It’s coming up on Canada Day, which for many Canadians means a trip to the States, Mexico, Europe or elsewhere.
Here at MobileSyrup, we’re always looking for the best ways to save a buck on our roaming bills while traveling, but more importantly, think it’s important to know the best options.
What is roaming?
Roaming is the simple act of obtaining cellular service from a carrier that isn’t your own. In this guide, we’ll be talking mainly about international roaming – that is, roaming on networks outside one’s home country – but there are cases of domestic roaming, too, which we’ll deal with in a later guide.
For a quick summary, our friends at KnowRoaming have provided a nice overview.* We’ll be updating this post as often as new plans and services are released.
Last updated: June 29th, 2015
The rise of unlocked phones, which allows you to swap out your home SIM card for a local one (or use something like KnowRoaming) has changed the way Canadians approach international roaming. In this guide, we’ll explore both options.
Note that while thanks to the Wireless Code of Conduct carriers are obligated to unlock phones, these costs can run as high as $50 per device, and your smartphone will either need to be fully paid off beforehand, or be 90 days into a contract. Ask your carrier if it is possible to unlock your smartphone before purchasing a local SIM card.
We’ll address unlocked smartphones in a future guide.
Bell claims to “make it easy to travel in over 200 countries around the world.” Pay-per-use rates are $1.45/minute for voice, $0.75 per outgoing text and $6 for every megabyte. Travel add-ons for the U.S., in particular, are $20 for 200MB of data good for 30 days, or $50 for 1GB of data over 30 days. A $30 voice and text messaging bundle includes 1,000 anytime minutes ($0.20 per additional minute) and unlimited texting over a 30-day span. All of these plans activate once you start using your phone in the U.S. Bell also says the talk and text bundle is “available for a limited time only.” Bell’s roaming service is the U.S. supports LTE.
What Bell considers “Zone 1” is quite extensive, covering most of Europe (along with Israel), Mexico and the Caribbean, parts of East Asia and Australia and New Zealand. Prices are harmonized between these countries, meaning travellers would essentially be using the same bundle if on a multi-country trip across any of those regions. The most expensive item is the $75 data bundle that offers only 300MB for 30 days. The $45 bundle offers 60 voice minutes and 200 outgoing text messages.
If you have a Share Everything Plan and you’re traveling to the United States or one of 35 European countries, then you can take advantage of the company’s recently announced Roam Like Home package. For $5 per day in the United States and $10 per day in Europe, Rogers customers gain access to unlimited calling, unlimited texting and their data bucket while overseas. Moreover, the company stops charging for each package after 10 days, so the most you’ll pay in roaming charges is either $50 or $100 in the U.S. or Europe, respectively. Those not on Share Everything plans pay a standard $7.99/50MB daily tariff for data, and can purchase voice and text bundles starting at $20 for 25 talk minutes and 100 texts. Rogers’ roaming service is the U.S. supports LTE.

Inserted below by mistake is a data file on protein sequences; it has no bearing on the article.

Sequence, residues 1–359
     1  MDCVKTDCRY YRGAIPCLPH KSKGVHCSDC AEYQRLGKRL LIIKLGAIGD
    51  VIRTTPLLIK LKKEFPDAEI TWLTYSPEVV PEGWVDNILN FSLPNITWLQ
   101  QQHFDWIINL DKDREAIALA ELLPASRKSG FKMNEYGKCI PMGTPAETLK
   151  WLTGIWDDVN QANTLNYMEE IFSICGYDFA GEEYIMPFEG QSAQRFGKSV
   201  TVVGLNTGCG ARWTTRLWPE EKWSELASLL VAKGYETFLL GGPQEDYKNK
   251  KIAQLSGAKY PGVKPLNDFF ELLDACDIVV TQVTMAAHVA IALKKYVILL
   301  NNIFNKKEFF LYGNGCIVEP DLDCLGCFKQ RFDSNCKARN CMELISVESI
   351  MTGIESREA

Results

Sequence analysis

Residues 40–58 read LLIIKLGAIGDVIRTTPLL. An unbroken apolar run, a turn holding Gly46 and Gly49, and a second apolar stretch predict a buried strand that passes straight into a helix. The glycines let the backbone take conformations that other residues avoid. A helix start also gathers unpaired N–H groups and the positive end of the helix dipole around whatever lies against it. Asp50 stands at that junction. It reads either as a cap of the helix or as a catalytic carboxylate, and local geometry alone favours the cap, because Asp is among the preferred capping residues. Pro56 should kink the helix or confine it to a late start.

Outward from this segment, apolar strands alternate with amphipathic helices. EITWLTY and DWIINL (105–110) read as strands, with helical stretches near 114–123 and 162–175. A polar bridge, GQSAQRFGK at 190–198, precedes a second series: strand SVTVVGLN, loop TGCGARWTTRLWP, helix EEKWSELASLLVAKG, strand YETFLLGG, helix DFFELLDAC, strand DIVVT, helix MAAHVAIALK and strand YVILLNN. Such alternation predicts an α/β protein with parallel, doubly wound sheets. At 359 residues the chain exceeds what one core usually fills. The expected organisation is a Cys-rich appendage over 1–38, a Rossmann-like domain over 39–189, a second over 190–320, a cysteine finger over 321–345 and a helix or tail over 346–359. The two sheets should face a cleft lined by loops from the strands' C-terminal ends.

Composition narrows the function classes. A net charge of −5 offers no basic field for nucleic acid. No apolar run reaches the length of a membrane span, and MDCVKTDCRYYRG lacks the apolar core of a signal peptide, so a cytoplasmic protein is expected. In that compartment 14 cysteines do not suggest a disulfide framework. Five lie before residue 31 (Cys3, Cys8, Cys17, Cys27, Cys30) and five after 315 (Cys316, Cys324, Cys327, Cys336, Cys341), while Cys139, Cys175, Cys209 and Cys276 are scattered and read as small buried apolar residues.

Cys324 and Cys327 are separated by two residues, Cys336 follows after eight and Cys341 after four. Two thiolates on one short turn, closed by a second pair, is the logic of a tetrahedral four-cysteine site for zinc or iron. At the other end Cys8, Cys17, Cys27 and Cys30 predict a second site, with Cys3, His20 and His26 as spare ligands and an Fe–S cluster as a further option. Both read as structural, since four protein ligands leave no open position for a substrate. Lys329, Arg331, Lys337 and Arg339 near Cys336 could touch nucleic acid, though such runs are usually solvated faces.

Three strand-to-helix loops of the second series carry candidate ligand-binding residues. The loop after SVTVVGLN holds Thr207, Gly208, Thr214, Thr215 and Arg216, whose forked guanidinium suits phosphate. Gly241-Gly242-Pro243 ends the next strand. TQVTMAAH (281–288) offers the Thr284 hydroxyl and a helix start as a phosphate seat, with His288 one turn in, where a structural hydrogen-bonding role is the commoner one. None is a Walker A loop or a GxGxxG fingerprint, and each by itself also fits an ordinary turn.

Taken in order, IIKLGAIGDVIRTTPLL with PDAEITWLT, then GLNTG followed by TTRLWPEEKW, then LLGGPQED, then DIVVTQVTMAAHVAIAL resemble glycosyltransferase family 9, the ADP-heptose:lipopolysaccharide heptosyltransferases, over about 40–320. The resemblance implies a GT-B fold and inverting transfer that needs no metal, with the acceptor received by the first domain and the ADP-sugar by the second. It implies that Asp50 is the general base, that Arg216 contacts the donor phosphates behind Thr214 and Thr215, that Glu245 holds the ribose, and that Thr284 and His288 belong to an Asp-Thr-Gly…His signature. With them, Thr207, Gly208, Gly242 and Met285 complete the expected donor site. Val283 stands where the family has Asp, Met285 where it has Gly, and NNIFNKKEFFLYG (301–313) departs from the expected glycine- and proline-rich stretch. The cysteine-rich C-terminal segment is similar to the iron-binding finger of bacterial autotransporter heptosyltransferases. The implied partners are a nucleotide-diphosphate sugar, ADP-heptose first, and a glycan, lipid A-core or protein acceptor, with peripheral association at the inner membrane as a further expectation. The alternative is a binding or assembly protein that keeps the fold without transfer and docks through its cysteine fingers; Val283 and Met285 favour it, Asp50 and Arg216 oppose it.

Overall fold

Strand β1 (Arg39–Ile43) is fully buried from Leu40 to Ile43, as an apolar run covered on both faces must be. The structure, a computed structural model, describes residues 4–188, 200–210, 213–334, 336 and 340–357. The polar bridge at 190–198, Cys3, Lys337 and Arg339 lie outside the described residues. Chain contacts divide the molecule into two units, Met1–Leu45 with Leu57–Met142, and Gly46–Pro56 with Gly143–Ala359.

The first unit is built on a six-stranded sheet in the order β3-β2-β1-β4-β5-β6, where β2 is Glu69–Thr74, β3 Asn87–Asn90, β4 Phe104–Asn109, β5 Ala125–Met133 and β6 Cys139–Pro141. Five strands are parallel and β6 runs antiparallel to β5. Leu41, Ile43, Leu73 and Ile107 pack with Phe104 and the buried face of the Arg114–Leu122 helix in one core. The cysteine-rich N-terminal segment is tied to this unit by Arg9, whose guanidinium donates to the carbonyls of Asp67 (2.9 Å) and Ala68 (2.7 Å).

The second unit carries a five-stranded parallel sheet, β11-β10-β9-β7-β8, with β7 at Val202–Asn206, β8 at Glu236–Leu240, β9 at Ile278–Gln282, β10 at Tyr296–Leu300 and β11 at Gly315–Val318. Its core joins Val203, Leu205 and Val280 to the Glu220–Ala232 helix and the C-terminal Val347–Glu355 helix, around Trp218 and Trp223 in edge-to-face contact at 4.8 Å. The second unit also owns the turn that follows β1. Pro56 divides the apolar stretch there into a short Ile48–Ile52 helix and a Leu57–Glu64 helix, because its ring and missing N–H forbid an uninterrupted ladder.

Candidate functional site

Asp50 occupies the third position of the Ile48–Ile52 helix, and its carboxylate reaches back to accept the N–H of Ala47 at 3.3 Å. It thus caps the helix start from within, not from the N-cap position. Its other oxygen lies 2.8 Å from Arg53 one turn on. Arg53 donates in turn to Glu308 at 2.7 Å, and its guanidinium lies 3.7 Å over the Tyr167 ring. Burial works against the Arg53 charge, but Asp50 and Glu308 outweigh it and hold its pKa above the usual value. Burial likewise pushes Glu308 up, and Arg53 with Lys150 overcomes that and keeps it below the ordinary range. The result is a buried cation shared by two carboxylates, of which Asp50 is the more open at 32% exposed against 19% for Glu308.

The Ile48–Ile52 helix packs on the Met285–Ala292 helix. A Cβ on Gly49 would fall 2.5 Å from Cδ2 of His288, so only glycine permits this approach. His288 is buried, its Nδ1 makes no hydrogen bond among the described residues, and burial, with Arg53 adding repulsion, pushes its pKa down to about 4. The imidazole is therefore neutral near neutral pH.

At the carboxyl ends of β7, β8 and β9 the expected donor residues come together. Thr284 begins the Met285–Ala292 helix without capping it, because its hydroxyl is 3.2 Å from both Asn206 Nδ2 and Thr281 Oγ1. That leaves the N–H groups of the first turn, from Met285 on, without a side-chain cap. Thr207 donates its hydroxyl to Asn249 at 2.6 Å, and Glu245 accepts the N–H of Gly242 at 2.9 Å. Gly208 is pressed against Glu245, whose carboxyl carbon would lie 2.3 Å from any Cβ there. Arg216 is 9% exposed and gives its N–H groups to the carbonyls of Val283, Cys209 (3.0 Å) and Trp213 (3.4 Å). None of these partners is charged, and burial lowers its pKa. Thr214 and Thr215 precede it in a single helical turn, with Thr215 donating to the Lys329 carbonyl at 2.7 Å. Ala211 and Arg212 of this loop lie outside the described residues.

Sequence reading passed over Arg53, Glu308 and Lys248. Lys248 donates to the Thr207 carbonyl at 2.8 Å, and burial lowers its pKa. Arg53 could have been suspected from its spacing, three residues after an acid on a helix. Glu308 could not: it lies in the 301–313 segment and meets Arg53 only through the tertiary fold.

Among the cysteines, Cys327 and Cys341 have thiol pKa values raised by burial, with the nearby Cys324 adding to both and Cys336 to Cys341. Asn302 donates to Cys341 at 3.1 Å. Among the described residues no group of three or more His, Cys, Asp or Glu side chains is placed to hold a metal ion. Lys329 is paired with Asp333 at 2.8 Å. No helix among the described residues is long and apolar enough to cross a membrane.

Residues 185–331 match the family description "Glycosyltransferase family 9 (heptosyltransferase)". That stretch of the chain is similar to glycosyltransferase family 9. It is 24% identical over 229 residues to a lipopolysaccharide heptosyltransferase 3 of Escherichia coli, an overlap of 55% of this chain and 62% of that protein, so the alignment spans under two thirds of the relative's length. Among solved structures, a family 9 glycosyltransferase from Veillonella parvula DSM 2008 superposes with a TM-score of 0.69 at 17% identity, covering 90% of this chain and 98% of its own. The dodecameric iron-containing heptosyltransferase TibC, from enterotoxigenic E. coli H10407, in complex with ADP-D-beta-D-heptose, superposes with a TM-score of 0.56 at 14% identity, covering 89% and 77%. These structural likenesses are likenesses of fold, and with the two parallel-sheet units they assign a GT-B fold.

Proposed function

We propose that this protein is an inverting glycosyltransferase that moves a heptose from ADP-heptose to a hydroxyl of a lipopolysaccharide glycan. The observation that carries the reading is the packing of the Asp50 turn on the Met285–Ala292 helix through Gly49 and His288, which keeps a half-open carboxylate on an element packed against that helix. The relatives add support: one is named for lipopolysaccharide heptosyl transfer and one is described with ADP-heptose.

If you’re traveling to other regions, then things start to become more expensive; those looking to get a talk, text and data plan will need to pay at least $70 to use their smartphone in the Caribbean, Latin America Asia and Oceania. For $70, Rogers customers gain access to 20MB of data, 40 minutes of talk time and 150 text messages while in one of the regions listed above. A more expensive $125 plan grants access to 50MB of data, 100 minutes of talk time and 150 text messages.
Telus has a number of different roaming packages divided into regions like “USA, “Europe,” “East Asia,” and more.
The U.S. roaming packages break down into passes that last 3 days, 10 days, and 30 days. For shorter trips between 4 and 10 days, the best deal is the 10 day/$50 package that offers unlimited minutes to the US and Canada, unlimited texts, and 300MB of data. For longer trips up to 30 days, an $80 package ups the data to 1GB.
Travellers to Europe may want to look at the $50 pass, which is valid for 30 days and provides 50 minutes of talk anywhere in Europe or to Canada, 150 text messages and 150MB of data.
For Wind Mobile customers traveling to the United States, the company offers its Unlimited US Roaming Add-On. A flat $15 a month grants customers unlimited data, text and 2400 minutes of talk time when making or receiving a call from within the United States or Canada. The company’s $50/month plan also adds Unlimited US Roaming to its existing unlimited call, text and Canadian data service. Note that under the company’s Terms & Conditions, users will be throttled to 256kbps after using 1GB of roaming data within a billing cycle.
Outside of the United States, the company has its World Traveler Add-On. For $8 a month, customers can make calls, send text messages and use their data plan at a reduced rate while traveling in more than 50 countries. With this plan, calls cost 20 cents a minute, whereas texts are 15 cents per message and data is $1 per megabyte. To put one of those numbers in perspective, making a call to Canada from somewhere in Asia costs $4 per minute without the plan.
A full list of the countries where this package can be taken advantage of is located here.
Videotron doesn’t offer roaming plan per se, but it does have a unique all-inclusive Canada and United States plan. For $74.95 per month, Videotron customers that are subscribed to this plan get unlimited calling and texting in the United States and Canada, as well as 1GB of data, call display and voicemail.